The Blind Light

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Pub Date 24 Jun 2021 | Archive Date 13 Jul 2022


Shortlisted for the RSL Encore Award 2021

A New York Times Top 10 Historical Novel of 2020

As the 1950s draw to a close, and the Cold War escalates, the shape of Drummond Moore’s life is changed beyond measure when he strikes up an unlikely friendship with James Carter, a rich and well-connected fellow National Serviceman. Carter leads him to Doom Town – an Army base that seeks to recreate the effects of a nuclear war – where he meets Gwen, a barmaid with whom he shares an instant connection. These unforeseen events have dramatic aftershocks that reverberate for generations.

Set over sixty years of British history, The Blind Light is the compelling story of one family as they deal with the personal and political fallout of their times, and one that builds to a devastating conclusion.

‘Reads like a British Don DeLillo, telling the social history of Britain through two generations of a family’ Observer

‘Rivals the work of American greats such as Bellow and Franzen’ The Week

‘A terrific book’  Samira Ahmed, BBC Radio 4

‘A panoramic novel of modern Britain . . . extraordinary’  Spectator

 ‘Atmospheric . . . powerfully imagined . . . multi-threaded, unflinching, and visceral’ TLS

Shortlisted for the RSL Encore Award 2021

A New York Times Top 10 Historical Novel of 2020

As the 1950s draw to a close, and the Cold War escalates, the shape of Drummond Moore’s life is changed beyond...

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ISBN 9781529031003
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Featured Reviews

Another one from my TBR pile that i had my eye on for a while. The title becomes clear later in the book, its a novel spanning decades and the friendship/relationship between Carter and Moore. Its not always a healthy relationship but its one that gets under your skin. The story starts after the second world war and dances its way through British history until this century. it focuses on the main characters and their complex relationships with each other and their own families, global events and their impact on the life of Moore and Carter. Strong social British history with a family dynamic.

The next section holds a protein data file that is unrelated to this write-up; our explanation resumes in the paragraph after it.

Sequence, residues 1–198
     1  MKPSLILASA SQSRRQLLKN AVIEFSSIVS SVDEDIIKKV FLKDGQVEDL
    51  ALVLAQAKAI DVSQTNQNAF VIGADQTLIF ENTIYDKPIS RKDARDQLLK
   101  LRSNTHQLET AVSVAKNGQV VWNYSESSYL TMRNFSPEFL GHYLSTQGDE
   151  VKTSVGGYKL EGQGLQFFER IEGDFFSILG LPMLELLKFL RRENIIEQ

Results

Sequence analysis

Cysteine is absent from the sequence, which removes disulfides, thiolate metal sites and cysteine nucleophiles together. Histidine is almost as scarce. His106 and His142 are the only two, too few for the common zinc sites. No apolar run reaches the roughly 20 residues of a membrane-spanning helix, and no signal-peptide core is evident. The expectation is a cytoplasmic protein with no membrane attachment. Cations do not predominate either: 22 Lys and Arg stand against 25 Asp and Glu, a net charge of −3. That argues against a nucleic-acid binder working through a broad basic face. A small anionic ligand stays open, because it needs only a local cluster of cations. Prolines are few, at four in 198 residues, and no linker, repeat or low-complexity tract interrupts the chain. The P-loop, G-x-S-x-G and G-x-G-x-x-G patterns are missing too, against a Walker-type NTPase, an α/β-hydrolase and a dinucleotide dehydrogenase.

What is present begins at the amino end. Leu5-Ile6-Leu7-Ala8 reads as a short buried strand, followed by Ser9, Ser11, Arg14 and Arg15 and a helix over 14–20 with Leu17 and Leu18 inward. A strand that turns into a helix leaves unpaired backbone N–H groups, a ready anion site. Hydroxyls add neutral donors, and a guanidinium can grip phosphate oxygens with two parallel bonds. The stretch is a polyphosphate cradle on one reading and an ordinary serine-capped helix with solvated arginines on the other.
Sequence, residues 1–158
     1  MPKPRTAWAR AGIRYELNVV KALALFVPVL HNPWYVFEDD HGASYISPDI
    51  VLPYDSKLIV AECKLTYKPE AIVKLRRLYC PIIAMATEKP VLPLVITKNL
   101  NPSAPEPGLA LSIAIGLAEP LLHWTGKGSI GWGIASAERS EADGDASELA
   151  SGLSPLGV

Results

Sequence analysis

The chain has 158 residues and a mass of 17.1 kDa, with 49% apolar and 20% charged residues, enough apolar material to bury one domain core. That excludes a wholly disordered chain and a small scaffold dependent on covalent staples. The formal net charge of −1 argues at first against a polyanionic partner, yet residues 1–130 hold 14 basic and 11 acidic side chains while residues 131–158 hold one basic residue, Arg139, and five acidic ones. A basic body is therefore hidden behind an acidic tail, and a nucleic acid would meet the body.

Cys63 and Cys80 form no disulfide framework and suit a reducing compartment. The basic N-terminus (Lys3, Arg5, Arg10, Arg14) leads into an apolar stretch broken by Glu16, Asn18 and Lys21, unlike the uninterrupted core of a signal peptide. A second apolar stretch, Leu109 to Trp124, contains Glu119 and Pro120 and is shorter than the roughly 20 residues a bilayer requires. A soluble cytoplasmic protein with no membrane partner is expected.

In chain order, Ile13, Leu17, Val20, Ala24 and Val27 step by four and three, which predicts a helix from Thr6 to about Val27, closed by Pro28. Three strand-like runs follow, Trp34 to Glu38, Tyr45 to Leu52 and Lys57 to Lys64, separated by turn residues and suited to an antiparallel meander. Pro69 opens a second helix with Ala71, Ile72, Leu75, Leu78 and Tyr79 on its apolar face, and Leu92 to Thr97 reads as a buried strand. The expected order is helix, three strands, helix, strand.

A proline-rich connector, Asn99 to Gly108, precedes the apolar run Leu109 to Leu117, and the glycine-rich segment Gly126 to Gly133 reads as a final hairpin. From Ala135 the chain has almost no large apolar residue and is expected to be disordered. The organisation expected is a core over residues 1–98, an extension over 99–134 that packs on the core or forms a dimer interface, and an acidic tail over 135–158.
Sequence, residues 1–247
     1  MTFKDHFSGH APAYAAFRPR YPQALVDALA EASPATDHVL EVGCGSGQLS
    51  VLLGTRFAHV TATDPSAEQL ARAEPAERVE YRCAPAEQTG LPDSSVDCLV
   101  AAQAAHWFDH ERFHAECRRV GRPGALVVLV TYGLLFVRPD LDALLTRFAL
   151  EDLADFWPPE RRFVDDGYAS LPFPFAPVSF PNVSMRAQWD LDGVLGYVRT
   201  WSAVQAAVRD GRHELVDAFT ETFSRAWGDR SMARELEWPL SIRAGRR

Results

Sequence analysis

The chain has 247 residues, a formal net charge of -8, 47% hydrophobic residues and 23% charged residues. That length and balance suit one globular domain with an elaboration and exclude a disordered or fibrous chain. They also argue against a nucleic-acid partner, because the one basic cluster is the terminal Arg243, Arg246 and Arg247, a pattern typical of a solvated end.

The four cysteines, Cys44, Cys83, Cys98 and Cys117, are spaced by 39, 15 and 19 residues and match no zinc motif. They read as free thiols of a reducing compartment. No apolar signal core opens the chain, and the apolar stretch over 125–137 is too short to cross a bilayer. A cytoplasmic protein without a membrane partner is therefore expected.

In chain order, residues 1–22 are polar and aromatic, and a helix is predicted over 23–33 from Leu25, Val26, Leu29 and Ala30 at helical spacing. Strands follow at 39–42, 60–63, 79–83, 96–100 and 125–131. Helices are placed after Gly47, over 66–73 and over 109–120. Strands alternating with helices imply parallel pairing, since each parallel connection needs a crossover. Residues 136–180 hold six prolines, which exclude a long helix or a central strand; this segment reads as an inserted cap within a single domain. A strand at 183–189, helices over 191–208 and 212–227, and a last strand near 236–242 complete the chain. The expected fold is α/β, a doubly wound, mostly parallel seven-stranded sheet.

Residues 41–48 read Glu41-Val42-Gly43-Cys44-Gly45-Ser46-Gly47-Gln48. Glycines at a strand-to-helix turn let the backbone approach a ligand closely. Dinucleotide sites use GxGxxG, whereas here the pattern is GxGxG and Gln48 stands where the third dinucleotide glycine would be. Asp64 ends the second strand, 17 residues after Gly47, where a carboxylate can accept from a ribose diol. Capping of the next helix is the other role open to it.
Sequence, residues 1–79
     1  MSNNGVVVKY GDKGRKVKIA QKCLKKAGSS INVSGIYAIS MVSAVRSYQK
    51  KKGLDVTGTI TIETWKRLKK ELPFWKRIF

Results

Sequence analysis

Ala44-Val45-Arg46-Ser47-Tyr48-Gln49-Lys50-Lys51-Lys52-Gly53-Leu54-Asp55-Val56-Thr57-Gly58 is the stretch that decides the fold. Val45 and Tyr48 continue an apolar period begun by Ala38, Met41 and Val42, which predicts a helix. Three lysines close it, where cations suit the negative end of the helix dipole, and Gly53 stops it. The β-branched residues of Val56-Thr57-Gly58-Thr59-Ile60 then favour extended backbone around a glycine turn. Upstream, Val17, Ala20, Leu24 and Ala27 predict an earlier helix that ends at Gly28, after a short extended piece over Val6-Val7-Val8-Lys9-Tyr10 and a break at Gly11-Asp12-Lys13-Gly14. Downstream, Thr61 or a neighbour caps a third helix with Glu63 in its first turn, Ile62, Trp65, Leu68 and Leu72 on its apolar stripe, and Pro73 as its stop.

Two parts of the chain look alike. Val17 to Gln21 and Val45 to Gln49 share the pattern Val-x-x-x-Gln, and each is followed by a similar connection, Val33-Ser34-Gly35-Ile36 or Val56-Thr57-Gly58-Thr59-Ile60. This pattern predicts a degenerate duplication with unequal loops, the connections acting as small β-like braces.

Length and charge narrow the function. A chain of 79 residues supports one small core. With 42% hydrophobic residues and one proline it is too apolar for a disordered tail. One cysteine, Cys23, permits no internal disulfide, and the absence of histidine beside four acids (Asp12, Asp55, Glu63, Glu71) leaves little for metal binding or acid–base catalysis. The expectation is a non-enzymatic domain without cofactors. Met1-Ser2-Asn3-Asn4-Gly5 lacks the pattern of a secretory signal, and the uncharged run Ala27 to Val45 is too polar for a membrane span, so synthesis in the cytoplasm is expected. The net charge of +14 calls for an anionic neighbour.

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A beautifully written, thoughtful and powerful portrait of Britain, the effects of class within our society and how national and international events shape individual lives and family dynamics through the generations.

Drum and Carter cross paths when they join National Service in the 1950s. They loosely become friends on the first night after Drum notices a cards scam in progress and discretely alerts Carter, allowing him to avert a large gambling loss. However, the friendship is very much on Carter's terms, viewing Drum as a subservient useful asset and good luck charm. Coming from a respected and high ranking military family, Carter ostensibly takes Drum under his wing, securing safer postings but without Drum having any say.

Carter continues to exert a strong influence over Drum throughout his life, giving rise to significant family tensions. Through rich details and descriptions the time periods feel authentic and come alive, with historical events resonating through complicated characters and their complex relationships.

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I really enjoyed this book and it gave me a well needed lift to my day. The insight and humour spoke volumes about the experiences and challenges that we were guided through as the audience. I am very glad I read this book and would highly recommend..

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